When I started my programming journey, I also fell into this trap, a place called tutorial hell. I roamed in tutorial hell for around 3 years. Were those 3 years wasted? No, but I can assure you that I could have made 4 times more progress if I had approached my self-taught journey differently.

I can understand why watching/consuming tutorial videos is the go-to method for learning coding:

  • It creates the illusion that you are learning.
  • It creates a feeling of progress.

But don’t let that fool you and result in you staying too long in tutorial hell.

Why Tutorial Hell Is Really Bad

At the beginning of your journey, you will inevitably turn to YouTube or some other video tutorial platform (like Udemy) to start your coding and programming journey. While this is fine in the beginning, when you're just grasping the fundamentals of programming, it should not continue beyond that.

Beyond the fundamental knowledge, you should absolutely not use video tutorials as your main source of knowledge.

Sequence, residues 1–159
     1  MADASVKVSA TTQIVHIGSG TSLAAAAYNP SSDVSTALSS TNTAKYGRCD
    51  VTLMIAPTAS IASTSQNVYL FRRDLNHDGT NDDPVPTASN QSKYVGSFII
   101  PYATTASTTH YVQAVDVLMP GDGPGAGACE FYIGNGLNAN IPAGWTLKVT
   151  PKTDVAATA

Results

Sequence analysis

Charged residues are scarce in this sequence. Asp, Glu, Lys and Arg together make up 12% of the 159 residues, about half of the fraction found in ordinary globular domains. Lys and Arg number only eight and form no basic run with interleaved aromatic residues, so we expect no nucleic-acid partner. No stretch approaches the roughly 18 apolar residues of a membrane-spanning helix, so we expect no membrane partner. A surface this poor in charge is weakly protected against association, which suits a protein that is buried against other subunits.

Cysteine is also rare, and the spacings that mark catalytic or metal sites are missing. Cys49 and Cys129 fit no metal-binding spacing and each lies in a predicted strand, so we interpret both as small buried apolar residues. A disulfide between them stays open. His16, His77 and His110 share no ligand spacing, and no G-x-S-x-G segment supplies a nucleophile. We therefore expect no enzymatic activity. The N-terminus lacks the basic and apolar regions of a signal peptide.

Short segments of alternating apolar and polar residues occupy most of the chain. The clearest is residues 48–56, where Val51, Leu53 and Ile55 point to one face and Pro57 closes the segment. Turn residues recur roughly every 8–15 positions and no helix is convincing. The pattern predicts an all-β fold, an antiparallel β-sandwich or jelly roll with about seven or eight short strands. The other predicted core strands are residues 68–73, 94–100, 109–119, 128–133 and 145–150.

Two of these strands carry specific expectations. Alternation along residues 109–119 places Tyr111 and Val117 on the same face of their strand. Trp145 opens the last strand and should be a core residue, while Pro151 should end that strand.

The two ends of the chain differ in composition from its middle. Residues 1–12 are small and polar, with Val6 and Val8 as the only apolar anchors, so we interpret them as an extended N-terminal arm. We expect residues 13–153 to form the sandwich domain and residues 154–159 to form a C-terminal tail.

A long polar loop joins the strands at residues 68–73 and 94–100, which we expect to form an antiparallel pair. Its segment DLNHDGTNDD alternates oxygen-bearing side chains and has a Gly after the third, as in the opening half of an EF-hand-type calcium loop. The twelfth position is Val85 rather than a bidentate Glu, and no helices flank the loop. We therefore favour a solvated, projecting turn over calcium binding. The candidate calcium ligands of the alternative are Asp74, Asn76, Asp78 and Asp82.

I personally made that mistake during my self-taught coding journey, which resulted in 4 years of making minimal progress. I say it was minimal, but in actuality, the rate of progress I was making was normal, aka the average.

After getting to know the genius programmer, I came to the conclusion that almost all self-taught programmers were learning to code in the wrong way. And the reason why he was considered a genius programmer was not because of his genetics; it was because of his method of learning.

To reiterate: He does not watch any coding tutorial videos.

Discovering that he doesn’t watch any tutorial videos prompted me to think about why he prefers reading written tutorials over watching video tutorials.

Here are some points:

Pain to Find a Specific Piece of Code

This is one of the most annoying aspects of learning by watching tutorials, an experience you've probably had yourself. The code isn't working correctly, and you have to skim back to a specific part of the video to figure out what you did wrong.

This isn't a fun experience, especially since many video tutorials are over 3 hours long. So, during that time, you're not learning at all but just skimming through the entire video to find where you went wrong.

Personally, I've experienced this phenomenon, even after I finished the tutorial. Often, when I'm hitting a wall while building my own application, I vaguely remember that the solution is somewhere described in a video tutorial, which was 5 hours long.